When using a walker after surgery it’s important to be as safe as possible to avoid falling. However, it is important to realize falls can happen and it is crucial to know what to do if you fall. In this blog I will discuss learning how to fall, how to get up safely and tips to avoid falling in the future.

Learning how to fall safely

You are using your walker and you start to lose your balance. When this happens the first thing you need to try and do is avoid a fall. If there is a stable surface beside you such as a banister or stable counter or large piece of furniture that you can reach, move your hands off your walker and support yourself using this surface. If you reach for a chair or a small piece of furniture this may not support you and can result in further injury when you do fall. If this is not possible try and step toward the direction you are falling to try and move your body or your center of mass back in the middle of your stance.

If you can’t catch yourself and continue to lose your balance it’s important to realize you are going to fall. This is okay. Falls happen however, let’s make sure you know how to fall safely.

  1. The most important step is to take your hands off of your walker. If you continue to hold onto your walker it will not stop the fall and you are putting yourself at a higher risk of injury from contact with the walker and the ground. [1]
  2. Try and relax your body. Stiffening up only makes you more likely to cause injury.[1]
  3. avoid the reflex of falling forward on your hands. Try and roll or twist to the side to land on more heavily padded areas of your body.[1]
  4. While falling try and crunch yourself down and keep your elbows and knee bent. The reason is to control the force of the fall and distribute forces with your core.[1]
  5. Avoid hitting your face. Try and tuck your chin down into your neck and move your head to the side away from the fall.[1]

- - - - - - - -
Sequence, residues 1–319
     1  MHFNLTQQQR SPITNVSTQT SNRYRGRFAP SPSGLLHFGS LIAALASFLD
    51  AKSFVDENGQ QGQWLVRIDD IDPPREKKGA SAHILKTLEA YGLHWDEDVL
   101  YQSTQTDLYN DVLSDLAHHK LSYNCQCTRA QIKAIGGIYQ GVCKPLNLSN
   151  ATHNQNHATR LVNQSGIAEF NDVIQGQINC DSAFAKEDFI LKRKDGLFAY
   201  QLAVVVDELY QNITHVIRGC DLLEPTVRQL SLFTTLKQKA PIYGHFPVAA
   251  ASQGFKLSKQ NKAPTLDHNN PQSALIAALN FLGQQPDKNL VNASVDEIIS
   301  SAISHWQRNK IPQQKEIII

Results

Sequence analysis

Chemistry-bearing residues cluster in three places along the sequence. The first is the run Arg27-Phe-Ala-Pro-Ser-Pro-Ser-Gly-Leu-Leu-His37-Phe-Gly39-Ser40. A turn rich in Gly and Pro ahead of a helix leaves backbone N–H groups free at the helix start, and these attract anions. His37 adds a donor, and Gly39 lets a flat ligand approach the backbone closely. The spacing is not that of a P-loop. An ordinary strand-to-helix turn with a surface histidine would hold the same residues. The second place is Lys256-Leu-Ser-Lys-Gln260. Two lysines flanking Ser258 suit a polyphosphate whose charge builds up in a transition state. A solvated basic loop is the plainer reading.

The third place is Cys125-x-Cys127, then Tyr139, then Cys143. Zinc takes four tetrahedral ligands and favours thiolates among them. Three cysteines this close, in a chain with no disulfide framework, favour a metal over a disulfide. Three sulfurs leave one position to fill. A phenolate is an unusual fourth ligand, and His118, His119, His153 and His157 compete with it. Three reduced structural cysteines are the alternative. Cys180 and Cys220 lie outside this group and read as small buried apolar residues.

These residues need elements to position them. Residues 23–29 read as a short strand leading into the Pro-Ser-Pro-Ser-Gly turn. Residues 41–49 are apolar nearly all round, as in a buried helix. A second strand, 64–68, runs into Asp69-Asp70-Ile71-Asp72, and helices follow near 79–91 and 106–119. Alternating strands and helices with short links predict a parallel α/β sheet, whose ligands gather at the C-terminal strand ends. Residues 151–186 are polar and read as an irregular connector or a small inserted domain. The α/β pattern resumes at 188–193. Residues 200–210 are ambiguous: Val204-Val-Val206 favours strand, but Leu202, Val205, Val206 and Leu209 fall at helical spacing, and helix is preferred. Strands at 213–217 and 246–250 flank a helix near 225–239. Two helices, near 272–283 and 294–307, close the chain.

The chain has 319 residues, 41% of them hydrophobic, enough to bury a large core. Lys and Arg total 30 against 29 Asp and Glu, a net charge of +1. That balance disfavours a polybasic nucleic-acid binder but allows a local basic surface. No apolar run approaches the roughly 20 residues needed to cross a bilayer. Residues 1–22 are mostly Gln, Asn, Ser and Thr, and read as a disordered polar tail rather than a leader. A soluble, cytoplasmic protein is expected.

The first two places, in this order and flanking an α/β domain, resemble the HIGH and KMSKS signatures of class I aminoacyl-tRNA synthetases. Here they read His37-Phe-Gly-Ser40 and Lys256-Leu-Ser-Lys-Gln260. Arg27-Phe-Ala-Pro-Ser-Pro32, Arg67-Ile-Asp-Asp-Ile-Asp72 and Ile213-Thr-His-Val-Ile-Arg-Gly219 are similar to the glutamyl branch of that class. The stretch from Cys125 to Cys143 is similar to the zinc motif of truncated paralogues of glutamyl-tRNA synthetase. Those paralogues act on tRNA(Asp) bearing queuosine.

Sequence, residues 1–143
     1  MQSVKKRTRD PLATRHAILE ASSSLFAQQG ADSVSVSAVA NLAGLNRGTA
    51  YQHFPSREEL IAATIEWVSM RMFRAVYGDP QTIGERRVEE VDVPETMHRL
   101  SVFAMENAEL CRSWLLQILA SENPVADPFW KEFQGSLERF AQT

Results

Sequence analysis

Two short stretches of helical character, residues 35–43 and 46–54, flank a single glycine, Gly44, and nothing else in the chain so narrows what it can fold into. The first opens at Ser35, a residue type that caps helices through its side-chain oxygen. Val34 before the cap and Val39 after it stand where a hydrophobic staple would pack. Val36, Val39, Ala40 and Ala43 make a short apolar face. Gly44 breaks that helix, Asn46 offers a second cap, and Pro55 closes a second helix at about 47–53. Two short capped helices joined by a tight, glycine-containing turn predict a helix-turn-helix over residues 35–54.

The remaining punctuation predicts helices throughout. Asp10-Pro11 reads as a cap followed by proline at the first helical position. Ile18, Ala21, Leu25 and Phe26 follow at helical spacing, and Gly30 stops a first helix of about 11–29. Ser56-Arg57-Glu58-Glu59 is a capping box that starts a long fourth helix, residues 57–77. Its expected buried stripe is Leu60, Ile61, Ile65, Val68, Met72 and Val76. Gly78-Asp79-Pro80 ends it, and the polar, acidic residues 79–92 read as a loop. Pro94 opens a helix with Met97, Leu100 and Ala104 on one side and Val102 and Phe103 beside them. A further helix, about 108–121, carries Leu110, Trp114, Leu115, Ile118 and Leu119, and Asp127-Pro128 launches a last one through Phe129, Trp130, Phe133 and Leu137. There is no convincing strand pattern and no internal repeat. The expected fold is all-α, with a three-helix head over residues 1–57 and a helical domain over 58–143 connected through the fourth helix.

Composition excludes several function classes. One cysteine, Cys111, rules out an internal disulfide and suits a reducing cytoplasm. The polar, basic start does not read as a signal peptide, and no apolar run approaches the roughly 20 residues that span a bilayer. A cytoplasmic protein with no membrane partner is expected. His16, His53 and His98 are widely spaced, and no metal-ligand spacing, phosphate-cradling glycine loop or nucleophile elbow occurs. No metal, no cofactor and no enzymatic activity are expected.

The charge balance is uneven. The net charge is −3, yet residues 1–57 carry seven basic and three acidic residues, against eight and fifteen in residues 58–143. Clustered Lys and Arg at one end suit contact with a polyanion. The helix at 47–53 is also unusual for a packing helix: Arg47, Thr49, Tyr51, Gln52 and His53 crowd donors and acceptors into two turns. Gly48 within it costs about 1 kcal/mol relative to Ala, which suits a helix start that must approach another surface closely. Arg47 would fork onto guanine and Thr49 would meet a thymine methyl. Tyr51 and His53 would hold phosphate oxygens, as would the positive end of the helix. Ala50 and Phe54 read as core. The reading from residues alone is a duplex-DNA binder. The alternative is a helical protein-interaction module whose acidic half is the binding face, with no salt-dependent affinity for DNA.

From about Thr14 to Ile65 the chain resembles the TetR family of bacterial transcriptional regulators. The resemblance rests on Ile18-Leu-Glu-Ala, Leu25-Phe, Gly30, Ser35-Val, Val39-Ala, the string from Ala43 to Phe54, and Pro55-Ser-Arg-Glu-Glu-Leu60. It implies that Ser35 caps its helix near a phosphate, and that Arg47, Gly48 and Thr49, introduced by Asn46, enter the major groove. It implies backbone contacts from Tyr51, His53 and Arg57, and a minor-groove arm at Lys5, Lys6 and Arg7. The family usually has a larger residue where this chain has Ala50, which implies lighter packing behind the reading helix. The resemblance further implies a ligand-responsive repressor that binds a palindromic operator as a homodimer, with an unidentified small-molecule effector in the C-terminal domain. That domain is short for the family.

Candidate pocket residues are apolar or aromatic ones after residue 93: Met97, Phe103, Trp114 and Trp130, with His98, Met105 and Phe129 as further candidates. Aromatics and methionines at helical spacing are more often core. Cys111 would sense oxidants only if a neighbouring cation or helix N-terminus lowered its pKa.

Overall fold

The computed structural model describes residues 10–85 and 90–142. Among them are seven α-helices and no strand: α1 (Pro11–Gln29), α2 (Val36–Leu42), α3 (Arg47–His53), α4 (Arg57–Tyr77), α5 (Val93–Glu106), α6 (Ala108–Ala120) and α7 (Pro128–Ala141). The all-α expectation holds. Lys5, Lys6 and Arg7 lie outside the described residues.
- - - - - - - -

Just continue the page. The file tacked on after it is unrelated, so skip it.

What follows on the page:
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How to get up safely

You have fallen. The most important thing to remember after a fall is that when you get back up you have to be careful to ensure you don’t fall again.

  1. Take a breath and stay calm. Assess how you are feeling and if you are seriously injured. If you are seriously injured and can’t get up, call for help or call 911. You should never try and get up if you feel like you will hurt yourself more by doing so.[2]
  2. If you are comfortable and ready to get back up, roll onto your side. Once on your side bring your legs to the middle of your body and use your arms to prop yourself up into a side sitting position.[2]
  3. Identify any furniture or stable objects that you could use to help get yourself up. Once identified, move to step four.[2]
  4. Use your arms and swing your legs into a 4 point hands and knees crawling position. Crawl to the stable object.[2]
  5. Place your arms on the stable object. Move your stronger leg and place your foot flat on the floor. This is almost in a lunge position.[2]
  6. Use your arms and strong leg to push yourself upwards into standing. Immediately turn and sit in the chair or on the object. Take a moment to take a breath and call whoever you feel is appropriate to let them know about the fall. If you are hurt it’s always important to tell your primary care doctor and make sure everything is okay. If you are severely hurt, call 911 or other local emergency health response service.[2]

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Tips to avoid falling in the future with your walker

  1. Whenever you are using your walker wear shoes with good support and grip. Slippers or sandals are not a safe option as they may cause you to trip and fall![3]
  2. When walking always look forward, avoid staring at your feet.[3]
  3. While walking to avoid losing balance do not roll your walker too far ahead of you, try to move it a maximum 1 step ahead of you.[3]
  4. Step first with your injured or surgical leg so you can use your strong leg for support and to propel you forward. Do not step all the way forward, step to the middle of your walker.[3]
  5. Whenever you are stopped make sure you have the breaks on when possible and avoid leaning heavily on your walker.[3]
  6. Consistently check the rubber tips on the bottom of your two-wheeled walker to make sure they aren’t worn out.[3]
  7. On water, ice or other slippery conditions try and take small steps if you are unable to maneuver around them with your walker.[3]
  8. References

    1 ProActive Physical Therapy. Learn to fall safely . ProActive Physical Therapy and Sports Medicine Web site. Updated 2015. Accessed 03/12/, 2021.

    2 Chmiel J. How to get up from the floor . Buffalo Rehab Web site. Updated 2017. Accessed 03/12/, 2021.

    3 HealthLinkBC. Using a walker. Health Link BC Web site. Updated 2019. Accessed 03/12/, 2021.

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